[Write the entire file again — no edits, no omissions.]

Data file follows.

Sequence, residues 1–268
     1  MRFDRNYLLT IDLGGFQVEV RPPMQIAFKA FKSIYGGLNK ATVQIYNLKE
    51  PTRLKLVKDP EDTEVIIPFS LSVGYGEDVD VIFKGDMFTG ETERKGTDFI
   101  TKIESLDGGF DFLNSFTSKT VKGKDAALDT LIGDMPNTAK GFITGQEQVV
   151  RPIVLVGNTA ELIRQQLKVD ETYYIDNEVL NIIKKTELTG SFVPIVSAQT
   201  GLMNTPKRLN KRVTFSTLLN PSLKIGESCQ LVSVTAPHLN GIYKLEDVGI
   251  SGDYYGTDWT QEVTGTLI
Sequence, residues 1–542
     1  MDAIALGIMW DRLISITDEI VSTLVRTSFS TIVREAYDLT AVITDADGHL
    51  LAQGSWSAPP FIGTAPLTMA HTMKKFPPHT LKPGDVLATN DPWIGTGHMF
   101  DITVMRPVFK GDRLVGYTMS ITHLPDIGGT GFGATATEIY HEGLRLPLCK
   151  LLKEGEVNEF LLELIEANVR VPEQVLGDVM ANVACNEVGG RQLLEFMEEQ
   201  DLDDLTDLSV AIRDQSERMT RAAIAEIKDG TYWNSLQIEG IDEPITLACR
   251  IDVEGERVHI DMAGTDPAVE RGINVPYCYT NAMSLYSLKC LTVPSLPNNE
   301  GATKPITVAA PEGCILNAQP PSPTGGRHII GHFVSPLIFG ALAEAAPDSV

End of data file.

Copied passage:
Sequence, residues 1–268
     1  MRFDRNYLLT IDLGGFQVEV RPPMQIAFKA FKSIYGGLNK ATVQIYNLKE
    51  PTRLKLVKDP EDTEVIIPFS LSVGYGEDVD VIFKGDMFTG ETERKGTDFI
   101  TKIESLDGGF DFLNSFTSKT VKGKDAALDT LIGDMPNTAK GFITGQEQVV
   151  RPIVLVGNTA ELIRQQLKVD ETYYIDNEVL NIIKKTELTG SFVPIVSAQT
   201  GLMNTPKRLN KRVTFSTLLN PSLKIGESCQ LVSVTAPHLN GIYKLEDVGI
   251  SGDYYGTDWT QEVTGTLI
Sequence, residues 1–542
     1  MDAIALGIMW DRLISITDEI VSTLVRTSFS TIVREAYDLT AVITDADGHL
    51  LAQGSWSAPP FIGTAPLTMA HTMKKFPPHT LKPGDVLATN DPWIGTGHMF
   101  DITVMRPVFK GDRLVGYTMS ITHLPDIGGT GFGATATEIY HEGLRLPLCK
   151  LLKEGEVNEF LLELIEANVR VPEQVLGDVM ANVACNEVGG RQLLEFMEEQ
   201  DLDDLTDLSV AIRDQSERMT RAAIAEIKDG TYWNSLQIEG IDEPITLACR
   251  IDVEGERVHI DMAGTDPAVE RGINVPYCYT NAMSLYSLKC LTVPSLPNNE
   301  GATKPITVAA PEGCILNAQP PSPTGGRHII GHFVSPLIFG ALAEAAPDSV